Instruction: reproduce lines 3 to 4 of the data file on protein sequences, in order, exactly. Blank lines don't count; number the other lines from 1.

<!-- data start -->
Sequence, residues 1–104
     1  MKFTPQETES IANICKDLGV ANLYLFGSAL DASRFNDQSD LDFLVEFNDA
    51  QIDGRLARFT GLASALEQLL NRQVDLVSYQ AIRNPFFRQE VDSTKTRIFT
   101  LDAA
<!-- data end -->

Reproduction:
    51  QIDGRLARFT GLASALEQLL NRQVDLVSYQ AIRNPFFRQE VDSTKTRIFT
   101  LDAA